By Jon Day
TOKYO, March 25 (Xinhua) -- The postponement of the Tokyo 2020 Olympic and Paralympic Games for around a year amid the global spread of the coronavirus has come as little shock to the organizers, athletes and spectators of those involved in the quadrennial sporting spectacle, due to the severity of the situation.
If the Games were to go ahead as in their complete form as scheduled, they would be like no Olympics the world has ever seen, with a lack of athletes opting to participate in the Games, and a largely apathetic global audience possibly choosing not to watch the diluted events or the overall Games on TV or other media platforms.
For those who, prior to the coronavirus pandemic, were excited about Tokyo hosting the summer Games for the first time since 1964, there is a sense of relief that the event has not been cancelled outright despite a little bit disappointment that the world's biggest sports gala will be delayed.
But delaying the Olympics, while being the lesser of two evils concerning the go ahead of the event, is not without a myriad of problems, sports pundits and sources close to the matter have pointed out.
One of the biggest headaches for local organizers is the monumental task of rescheduling all the facilities, which include 43 competition venues and a host of peripheral locations, such as fan zones and media centers.
The venues, however, cannot be rescheduled until there is a firm date decided from which they will be used from, commentators here said, explaining that booking all the venues in the first place has been an extremely arduous and expensive process.
The delay of the Games will also see other major sporting events affected, with the "domino-effect" made worse as a fixed date for the Olympics is still pending, although it is slated to be held no later than one year later, at some point in 2021.
It will likely transpire that delaying the Olympics will adversely affect major sporting events next summer, including the European Football Championships and swimming's world championships. The World Athletics Championships may also have to be pushed back, with such competitions now all inheriting the myriad downside affects of the Olympics itself being postponed.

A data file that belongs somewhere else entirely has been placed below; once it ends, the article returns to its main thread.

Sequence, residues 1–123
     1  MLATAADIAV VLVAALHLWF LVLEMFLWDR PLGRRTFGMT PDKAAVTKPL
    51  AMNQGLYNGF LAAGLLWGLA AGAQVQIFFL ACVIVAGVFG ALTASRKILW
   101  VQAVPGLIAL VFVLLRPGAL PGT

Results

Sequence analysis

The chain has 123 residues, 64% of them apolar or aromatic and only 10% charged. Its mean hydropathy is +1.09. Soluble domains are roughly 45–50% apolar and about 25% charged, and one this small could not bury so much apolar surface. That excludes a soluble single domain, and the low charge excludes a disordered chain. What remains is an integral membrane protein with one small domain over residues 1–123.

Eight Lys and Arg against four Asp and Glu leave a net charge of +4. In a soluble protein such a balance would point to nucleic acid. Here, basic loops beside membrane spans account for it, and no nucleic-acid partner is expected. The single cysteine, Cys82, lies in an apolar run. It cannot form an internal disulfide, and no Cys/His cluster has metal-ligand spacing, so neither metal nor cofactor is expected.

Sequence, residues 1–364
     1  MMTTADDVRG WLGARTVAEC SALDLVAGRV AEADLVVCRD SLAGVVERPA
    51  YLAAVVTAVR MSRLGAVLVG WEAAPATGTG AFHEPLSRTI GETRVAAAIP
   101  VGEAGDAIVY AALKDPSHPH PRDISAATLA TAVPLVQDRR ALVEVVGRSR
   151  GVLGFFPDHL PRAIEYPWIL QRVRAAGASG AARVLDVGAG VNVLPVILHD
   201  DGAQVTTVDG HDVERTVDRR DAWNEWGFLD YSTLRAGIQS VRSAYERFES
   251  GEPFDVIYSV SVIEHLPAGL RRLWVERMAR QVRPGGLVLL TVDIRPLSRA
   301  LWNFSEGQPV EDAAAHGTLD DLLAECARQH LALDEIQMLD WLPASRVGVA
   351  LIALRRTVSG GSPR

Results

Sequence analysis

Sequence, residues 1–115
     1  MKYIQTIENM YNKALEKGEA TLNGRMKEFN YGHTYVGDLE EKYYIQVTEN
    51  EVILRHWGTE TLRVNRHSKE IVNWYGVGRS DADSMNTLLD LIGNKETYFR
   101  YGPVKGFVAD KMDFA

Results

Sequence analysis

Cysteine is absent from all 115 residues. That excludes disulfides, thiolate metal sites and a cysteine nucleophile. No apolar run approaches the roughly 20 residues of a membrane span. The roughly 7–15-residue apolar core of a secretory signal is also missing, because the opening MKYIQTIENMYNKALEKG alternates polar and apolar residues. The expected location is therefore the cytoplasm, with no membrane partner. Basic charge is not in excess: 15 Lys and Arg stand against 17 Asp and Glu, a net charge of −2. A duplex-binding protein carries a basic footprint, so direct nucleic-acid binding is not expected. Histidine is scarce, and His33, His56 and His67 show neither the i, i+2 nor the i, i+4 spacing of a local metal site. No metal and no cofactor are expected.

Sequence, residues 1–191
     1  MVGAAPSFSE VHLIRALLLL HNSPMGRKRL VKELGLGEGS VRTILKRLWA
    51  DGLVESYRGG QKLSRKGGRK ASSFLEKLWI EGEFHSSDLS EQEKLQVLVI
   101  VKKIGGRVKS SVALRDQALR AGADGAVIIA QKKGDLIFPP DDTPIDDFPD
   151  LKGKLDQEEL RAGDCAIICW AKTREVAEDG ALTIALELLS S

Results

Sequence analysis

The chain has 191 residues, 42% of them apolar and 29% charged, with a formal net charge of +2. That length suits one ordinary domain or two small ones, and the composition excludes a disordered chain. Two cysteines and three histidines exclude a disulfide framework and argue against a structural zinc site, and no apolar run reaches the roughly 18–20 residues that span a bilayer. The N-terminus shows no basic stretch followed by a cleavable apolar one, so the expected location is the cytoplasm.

The organizers will now have the tricky task of overcoming the monumental logistical problems of pushing back the Games.
This is of primary concern to Japanese Prime Minister Shinzo Abe, up until the International Olympic Committee (IOC) on Tuesday evening finally agreed to postpone the Games, owing to major concerns over the global pandemic and under a growing pressure from major teams and athletes withdrawing and concerned citizens worldwide.
During talks with IOC President Thomas Bach, Abe has maintained that the summer Olympics should be postponed if they cannot be held in their complete form.
"If it is difficult to hold the games in such a way, we have to decide to postpone it, giving top priority to the health of the athletes," the Japanese leader told a parliamentary session.
"I think many of them are in areas where they cannot train properly as the new coronavirus is spreading in the world," Abe said earlier this week. "This applies not just to our country, it is important that all participating nations can participate in good condition."
Logistics, to a greater or lesser extent, is synonymous with financing. The Olympics being rescheduled will come with a hefty price tag, with sources within the organizing committee estimating that the total cost of the postponed Games standing in the region on 12 billion U.S. dollars, with it looking likely to balloon as the nation, within a year, will have to follow a to-be-confirmed "Plan B" for 2021.